Acer has cleaned up the design over time, updated the thermal module, keyboard and display options, and now this 2021 Nitro 5 update offers surprisingly powerful hardware. I wasn’t expecting to find a class 80 GPU on the Nitro 5, but now it can be had with a 3080 laptop graphics chip and a 5800 octa-core Ryzen 7 processor, with plenty of RAM and storage options, as well as one of the best displays you can get in a gaming laptop right now.

Despite all this, Nitro 5 has not strayed from its budget roots. So it’s still a mid-range plastic laptop that lacks some of the advanced features of high-end computers, such as biometrics, USB-C charging, good sound, or high-quality materials. But it should make up for these shortcomings and quirks with a lower price than most other OEMs can’t match with similar specs by experience.

At the same time, you should buy it with the right performance expectations, as Acer has chosen to use less powerful AMD and Nvidia chips, and there is a performance gap between this model and the other more powerful RTX 3080 notebooks we’ve tested so far. This gamble, which shouldn’t be surprising for a cheap product, is more than offset by the excellent temperatures and noise levels we measured in our sample. I don’t know how Acer did it, but this Nitro 5 is one of the coolest and quietest gaming machines I’ve tested in years, and that alone might be worth the 10-20% drop in frame rates. And maybe not necessarily on the 3080 models, but definitely on the cheaper 3060 configurations.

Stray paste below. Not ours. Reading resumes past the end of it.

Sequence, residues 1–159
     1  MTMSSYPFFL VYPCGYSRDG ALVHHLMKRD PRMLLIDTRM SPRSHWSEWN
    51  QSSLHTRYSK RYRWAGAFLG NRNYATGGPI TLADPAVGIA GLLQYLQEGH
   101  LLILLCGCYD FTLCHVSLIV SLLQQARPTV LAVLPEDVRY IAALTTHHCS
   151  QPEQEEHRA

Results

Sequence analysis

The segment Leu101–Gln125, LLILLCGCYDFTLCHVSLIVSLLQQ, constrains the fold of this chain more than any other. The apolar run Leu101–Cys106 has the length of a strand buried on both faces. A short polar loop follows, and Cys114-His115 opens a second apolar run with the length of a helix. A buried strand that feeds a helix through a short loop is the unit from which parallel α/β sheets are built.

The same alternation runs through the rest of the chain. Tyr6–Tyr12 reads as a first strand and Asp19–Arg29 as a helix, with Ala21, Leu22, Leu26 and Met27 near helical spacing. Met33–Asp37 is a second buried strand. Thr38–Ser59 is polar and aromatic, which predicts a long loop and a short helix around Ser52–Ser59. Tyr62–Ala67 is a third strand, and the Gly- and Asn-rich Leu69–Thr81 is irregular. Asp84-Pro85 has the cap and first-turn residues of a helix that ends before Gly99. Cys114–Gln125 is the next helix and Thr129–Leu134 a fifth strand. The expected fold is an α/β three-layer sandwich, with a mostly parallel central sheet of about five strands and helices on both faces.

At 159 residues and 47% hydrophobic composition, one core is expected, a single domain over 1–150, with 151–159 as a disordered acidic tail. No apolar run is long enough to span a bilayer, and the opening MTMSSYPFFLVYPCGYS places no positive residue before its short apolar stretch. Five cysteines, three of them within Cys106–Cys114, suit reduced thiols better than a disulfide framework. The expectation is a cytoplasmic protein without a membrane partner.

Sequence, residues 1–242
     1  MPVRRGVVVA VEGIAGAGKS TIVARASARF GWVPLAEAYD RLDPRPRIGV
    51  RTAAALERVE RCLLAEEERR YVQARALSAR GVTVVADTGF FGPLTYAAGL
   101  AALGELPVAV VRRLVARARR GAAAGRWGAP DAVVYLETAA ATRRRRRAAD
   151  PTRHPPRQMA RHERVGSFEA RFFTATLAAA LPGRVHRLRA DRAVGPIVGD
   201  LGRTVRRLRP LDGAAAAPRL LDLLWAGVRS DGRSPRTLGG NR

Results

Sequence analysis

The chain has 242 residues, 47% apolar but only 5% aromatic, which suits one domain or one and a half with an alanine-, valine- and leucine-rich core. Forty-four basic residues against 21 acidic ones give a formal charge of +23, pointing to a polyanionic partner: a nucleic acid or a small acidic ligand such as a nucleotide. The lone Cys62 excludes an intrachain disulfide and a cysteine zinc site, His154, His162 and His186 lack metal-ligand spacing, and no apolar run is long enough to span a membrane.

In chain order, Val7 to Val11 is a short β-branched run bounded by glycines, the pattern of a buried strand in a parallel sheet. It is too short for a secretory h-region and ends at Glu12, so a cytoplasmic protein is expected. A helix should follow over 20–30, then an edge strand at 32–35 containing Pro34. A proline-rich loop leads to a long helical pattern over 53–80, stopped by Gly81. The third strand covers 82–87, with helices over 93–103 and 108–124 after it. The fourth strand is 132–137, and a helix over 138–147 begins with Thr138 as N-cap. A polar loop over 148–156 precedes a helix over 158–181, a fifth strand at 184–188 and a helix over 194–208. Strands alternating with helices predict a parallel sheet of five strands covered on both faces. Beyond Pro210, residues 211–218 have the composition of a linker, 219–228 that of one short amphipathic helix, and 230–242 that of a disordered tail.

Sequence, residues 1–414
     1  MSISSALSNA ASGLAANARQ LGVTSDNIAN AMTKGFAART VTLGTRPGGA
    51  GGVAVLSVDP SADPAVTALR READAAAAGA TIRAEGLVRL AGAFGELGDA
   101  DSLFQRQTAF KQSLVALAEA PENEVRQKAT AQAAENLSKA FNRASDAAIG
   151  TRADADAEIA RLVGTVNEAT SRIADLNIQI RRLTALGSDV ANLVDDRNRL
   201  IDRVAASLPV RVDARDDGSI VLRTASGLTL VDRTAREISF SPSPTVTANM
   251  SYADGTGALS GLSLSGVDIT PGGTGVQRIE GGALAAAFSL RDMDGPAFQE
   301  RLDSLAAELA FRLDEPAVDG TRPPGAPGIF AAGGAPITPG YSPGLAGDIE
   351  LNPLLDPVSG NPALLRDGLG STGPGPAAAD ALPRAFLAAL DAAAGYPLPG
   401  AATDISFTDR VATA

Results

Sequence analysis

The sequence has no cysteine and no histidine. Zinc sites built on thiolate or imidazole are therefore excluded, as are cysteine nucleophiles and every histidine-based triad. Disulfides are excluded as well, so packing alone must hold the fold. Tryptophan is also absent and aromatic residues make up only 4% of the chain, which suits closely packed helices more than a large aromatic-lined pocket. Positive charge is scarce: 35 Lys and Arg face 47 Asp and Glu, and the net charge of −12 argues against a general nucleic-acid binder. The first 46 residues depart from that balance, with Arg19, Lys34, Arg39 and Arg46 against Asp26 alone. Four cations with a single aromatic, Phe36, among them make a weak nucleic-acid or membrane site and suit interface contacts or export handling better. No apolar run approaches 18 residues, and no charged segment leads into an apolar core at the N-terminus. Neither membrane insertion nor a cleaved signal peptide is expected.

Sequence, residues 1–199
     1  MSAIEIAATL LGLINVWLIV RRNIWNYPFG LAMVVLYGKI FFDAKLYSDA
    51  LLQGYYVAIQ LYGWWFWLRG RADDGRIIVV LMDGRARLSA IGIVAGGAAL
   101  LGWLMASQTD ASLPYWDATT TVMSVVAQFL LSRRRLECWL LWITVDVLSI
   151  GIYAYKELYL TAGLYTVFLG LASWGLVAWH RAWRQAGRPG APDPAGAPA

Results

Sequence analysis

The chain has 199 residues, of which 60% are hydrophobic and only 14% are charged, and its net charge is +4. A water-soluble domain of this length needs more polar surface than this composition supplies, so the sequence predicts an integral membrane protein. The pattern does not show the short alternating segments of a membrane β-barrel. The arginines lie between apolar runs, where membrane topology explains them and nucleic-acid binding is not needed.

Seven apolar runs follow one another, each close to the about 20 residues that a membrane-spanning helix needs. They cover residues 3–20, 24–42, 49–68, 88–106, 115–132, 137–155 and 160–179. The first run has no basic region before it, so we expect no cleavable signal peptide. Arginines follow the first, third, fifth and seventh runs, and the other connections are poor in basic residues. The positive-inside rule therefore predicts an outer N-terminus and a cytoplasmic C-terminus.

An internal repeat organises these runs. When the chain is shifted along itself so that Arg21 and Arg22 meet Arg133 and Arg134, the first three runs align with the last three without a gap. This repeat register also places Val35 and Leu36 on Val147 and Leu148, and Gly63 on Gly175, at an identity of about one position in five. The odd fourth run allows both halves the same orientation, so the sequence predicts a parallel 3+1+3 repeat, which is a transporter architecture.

So much for our review of the Acer Nitro 5 AN515-54, but I’d love to know what you think, so write us a note below. Are you willing to sacrifice the performance and other features mentioned in the article for the lower price and excellent acoustic and thermal performance Acer offers with the 2021 Nitro 5? I would, for example.

Disclaimer : Our content is supported by our readers. If you make a purchase through certain links on our site, we may earn affiliate commissions. Find out more.

Andrei Girbea, editor of Ultrabookreview.com. I have been involved in mobile computing since the 2000s, and you will find mostly reviews and detailed tutorials written by me here on the site.